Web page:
Limitations: This article was written by the Jews for the Jews so there is bias to the Jewish side. While the idea was a good one, in reality today there are still people that don’t like to recognize Israel as a state, are not peaceful with them, and feel that they do not deserve the land. They act like the Jews are the only ones that will be affected, but there are Arabs currently living in the state of Israel that are being ignored.


Evaluate the Following: “After it’s all said and done, no single group, government, or institution is responsible for the manner in which the British Mandate of Palestine was partitioned.”

October 2, 2009

Palestine plan on partition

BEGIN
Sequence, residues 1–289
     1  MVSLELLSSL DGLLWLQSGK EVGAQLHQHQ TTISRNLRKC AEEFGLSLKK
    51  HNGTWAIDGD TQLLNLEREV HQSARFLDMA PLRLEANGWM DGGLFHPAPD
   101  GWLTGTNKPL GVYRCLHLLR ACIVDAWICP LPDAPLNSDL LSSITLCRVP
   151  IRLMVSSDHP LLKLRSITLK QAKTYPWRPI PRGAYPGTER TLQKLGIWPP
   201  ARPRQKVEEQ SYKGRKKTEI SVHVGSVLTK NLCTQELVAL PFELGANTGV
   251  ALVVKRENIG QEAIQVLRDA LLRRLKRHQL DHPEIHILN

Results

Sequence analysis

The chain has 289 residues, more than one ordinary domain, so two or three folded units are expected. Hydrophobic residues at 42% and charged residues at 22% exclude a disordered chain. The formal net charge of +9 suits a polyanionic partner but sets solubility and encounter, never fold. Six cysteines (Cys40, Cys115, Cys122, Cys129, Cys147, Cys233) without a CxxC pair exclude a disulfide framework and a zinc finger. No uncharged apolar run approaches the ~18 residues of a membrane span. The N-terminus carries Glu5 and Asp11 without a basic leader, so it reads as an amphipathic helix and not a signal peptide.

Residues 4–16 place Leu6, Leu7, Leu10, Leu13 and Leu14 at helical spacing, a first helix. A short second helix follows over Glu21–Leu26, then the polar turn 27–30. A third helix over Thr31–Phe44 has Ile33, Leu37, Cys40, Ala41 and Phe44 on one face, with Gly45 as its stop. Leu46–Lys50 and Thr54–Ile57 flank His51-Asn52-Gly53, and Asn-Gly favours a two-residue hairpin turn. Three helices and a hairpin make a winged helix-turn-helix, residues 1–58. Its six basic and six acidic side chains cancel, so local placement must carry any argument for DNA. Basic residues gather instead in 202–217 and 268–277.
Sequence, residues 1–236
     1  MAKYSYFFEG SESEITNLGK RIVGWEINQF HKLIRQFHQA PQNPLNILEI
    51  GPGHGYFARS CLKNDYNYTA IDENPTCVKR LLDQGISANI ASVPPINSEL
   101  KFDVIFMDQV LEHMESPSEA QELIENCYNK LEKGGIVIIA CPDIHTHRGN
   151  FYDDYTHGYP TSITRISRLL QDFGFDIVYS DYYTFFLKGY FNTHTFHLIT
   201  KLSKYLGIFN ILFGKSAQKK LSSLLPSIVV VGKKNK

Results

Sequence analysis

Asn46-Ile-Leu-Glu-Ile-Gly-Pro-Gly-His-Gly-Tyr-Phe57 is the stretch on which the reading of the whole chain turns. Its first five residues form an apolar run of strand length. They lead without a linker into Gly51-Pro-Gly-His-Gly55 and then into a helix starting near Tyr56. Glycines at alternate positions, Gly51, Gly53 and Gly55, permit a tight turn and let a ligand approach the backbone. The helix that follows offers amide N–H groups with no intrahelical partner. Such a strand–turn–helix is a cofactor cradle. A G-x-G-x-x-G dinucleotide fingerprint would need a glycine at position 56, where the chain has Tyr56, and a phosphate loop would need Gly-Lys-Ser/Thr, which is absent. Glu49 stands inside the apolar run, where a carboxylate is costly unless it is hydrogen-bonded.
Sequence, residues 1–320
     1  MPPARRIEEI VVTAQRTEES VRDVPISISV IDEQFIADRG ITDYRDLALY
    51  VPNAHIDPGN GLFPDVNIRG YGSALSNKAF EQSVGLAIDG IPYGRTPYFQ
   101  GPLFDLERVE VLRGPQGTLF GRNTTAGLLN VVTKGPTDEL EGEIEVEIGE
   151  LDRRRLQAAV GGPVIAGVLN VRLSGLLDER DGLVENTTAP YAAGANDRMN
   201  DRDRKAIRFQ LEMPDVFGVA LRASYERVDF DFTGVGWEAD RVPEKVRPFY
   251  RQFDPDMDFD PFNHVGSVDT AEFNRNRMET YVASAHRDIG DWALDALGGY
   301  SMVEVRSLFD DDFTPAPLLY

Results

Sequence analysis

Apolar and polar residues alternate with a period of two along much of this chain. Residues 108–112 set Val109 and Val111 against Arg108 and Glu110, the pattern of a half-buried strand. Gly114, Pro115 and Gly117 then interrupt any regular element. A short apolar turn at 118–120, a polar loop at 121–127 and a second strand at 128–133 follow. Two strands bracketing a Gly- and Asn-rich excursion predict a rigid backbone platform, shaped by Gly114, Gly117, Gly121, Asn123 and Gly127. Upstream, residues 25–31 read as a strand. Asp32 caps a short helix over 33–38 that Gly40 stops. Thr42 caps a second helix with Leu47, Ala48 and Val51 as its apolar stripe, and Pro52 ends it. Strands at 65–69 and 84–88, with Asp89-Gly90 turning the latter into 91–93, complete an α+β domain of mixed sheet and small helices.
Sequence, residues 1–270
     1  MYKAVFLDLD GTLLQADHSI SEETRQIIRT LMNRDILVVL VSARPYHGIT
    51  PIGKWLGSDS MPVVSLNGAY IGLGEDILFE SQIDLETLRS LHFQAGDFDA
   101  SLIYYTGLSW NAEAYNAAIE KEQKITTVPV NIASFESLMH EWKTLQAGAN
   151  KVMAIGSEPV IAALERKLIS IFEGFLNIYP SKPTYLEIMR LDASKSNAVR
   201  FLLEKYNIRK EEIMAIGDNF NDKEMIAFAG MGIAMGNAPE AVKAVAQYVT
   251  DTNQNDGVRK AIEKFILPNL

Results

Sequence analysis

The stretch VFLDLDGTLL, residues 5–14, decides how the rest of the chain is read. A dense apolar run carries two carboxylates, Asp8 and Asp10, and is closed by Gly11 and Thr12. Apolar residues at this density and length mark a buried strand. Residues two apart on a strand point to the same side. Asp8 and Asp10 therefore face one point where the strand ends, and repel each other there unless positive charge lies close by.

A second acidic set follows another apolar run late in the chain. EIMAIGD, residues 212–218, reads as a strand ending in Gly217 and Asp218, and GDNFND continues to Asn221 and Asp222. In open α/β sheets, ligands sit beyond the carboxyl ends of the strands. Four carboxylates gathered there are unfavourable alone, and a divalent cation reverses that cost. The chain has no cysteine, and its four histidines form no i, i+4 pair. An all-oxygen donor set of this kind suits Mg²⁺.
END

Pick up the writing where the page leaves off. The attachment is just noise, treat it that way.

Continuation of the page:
The breakup of Palestine can’t be attributed to any one group, government or institution due to historical realities. The reason the blame cannot be placed on ones shoulders is because local history and politics determined the breakup of the British mandate not any particular action.  Originally the League of Nations were the ones that divided the territory into the mandates, so they were seen as responsible for the division of the land. The League of Nations made the mistake of not correctly dividing the land because they divvied out land based on geography, not socio-economic, political, religious or cultural boundaries. During the mandate period, Syria and Lebanon was awarded to France, and Iraq and Palestine were awarded to Britain. This became a major problem because the land was divided in the wrong places, for example there were Arabs that became under control of the French and some under control of the British while the Jews were also misplaced and under the wrong control. One could say that the fault could be placed on the League of Nations because they gave the wrong land to the wrong people causing an outrage and the different groups such as the Arabs and the Jews tried to change these British ways. Over time, a major change took place when the United Nations was established. The UNSCOP institution was the best and the worst thing that happened to the land at the time. The biggest conflict that this caused was the fact that the UNSCOP institution had one plan, while the Arabs had a different one, and the Jews separate from that. The task of the UNSCOP was to plan out the partition of Palestine and instead of looking into the common interests of the people; they took it upon themselves to divide Palestine their own way. As this may seem like it is now the fault of UNSCOP, they are still not the ones to blame because they situation was set up by the mandates earlier in history. The only thing that we can blame this on is the history of the land and the politics at the time.